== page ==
📣 Weigh in: We heard from many of you last week on who's morning routine you want to read, but keep them coming! We'll see what we can do.

2. Cases against DSM cops could get pricey

Illustration of money falling out of a wallet with a police badge
Illustration: Annelise Capossela/Axios

Des Moines recently hired three lawyers at $150 an hour to represent police in two high-profile lawsuits alleging misconduct, according to city documents.

Why it matters: Taxpayer costs for litigation and potential settlements in the cases could be significant. And the lawsuits could influence long-running tensions between police and the public.

The lawsuits allege:

  • Video evidence was previously withheld that shows officers made an illegal stop that resulted in the conviction of a Black man for a traffic offense.
  • People were wrongly tear-gassed, beaten and arrested by at least 16 officers in last year’s civil unrest that followed George Floyd’s death in Minneapolis.

Worth noting: Multiple other lawsuits against police are pending — and some name a few of the same officers.

3. 🌶️ Warehouse leases are spicy

A collection of spices packaged by All-Spice in Des Moines.
Boxed spice sets from AllSpice in Des Moines. Photo: AllSpice

AllSpice in the East Village recorded its "best year" ever in 2020, co-owner Rory Brown told us.

What's next: AllSpice is quadrupling its production space and moving to a 4,600-square-foot warehouse in Valley Junction near Fox Brewing and The Foundry this spring.

  • And Brown said they're looking at opening a new retail location in Waukee this year, based on the number of online orders that came from western-suburban customers.

The big picture: Warehouse leases, especially by third-party logistics companies, will continue steadily in 2021, according to a Q4 market report by CBRE.

  • 100,000 square-foot leases are a "dime a dozen," said Zach Schneckel, Property Research Director of CBRE and Hubbell Realty.
  • Zoom in: DSM has a 4.4% vacancy rate.

👀 We'll be watching for who scoops up the Graham warehouse, a 540,000-square-foot project in Altoona; 60 acres of land at Des Moines' old Northridge Mall site, and Hubbell's 137,500-square-foot business park in Ankeny.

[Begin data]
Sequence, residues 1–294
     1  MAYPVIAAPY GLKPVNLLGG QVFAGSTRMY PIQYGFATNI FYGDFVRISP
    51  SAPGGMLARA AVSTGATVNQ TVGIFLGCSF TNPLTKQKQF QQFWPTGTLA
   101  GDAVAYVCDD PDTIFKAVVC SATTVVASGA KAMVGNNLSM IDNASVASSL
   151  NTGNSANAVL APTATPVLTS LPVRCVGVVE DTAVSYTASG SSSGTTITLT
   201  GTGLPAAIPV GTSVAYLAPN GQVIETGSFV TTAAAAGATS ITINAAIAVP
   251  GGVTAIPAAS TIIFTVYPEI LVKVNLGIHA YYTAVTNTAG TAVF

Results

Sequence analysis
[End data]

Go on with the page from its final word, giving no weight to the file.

4. Why our green goal is "historic"

Illustration of a power line struggling under the weight of electrical wires
Illustration: Sarah Grillo/Axios

City leaders are calling their recent commitment to carbon-free electricity historic — but at least 170 other cities have also embraced such goals. So what gives?

How it's different: Des Moines’ goal goes a step beyond the others with a commitment to completely divorce itself from fossil fuel electricity by 2035.

  • It also doesn’t rely on offsetting fossil-fuel use through the purchase of renewable energy credits, utilized when renewable energy systems are not generating electricity.
  • Electricity will need to come directly from traceable, renewable resources and be generated locally.

💡 Be smart: It means DSM must act strategically in energy planning and development, including:

  • A plan for energy storage during times when renewable sources are unavailable.
  • Reducing electricity usage during peak times.
  • Considering new technologies like electric vehicles and grid-interactive buildings, which use smart technology to optimize energy use.

The bottom line: If you think that issues linked to electricity supply won't affect you, just look at what's happening in Texas.

5. Time waits for no one ...

A picture of a parking ticket on Linh's car.
A $15 parking ticket on Linh's car. Photo: Linh Ta/Axios

... even in the cold. But Linh tried.

  • 📬 What were your top cold-snap annoyances? Send them our way to commiserate.

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🌳 If you're dreaming of spring, Des Moines is giving five free tiny trees to residents.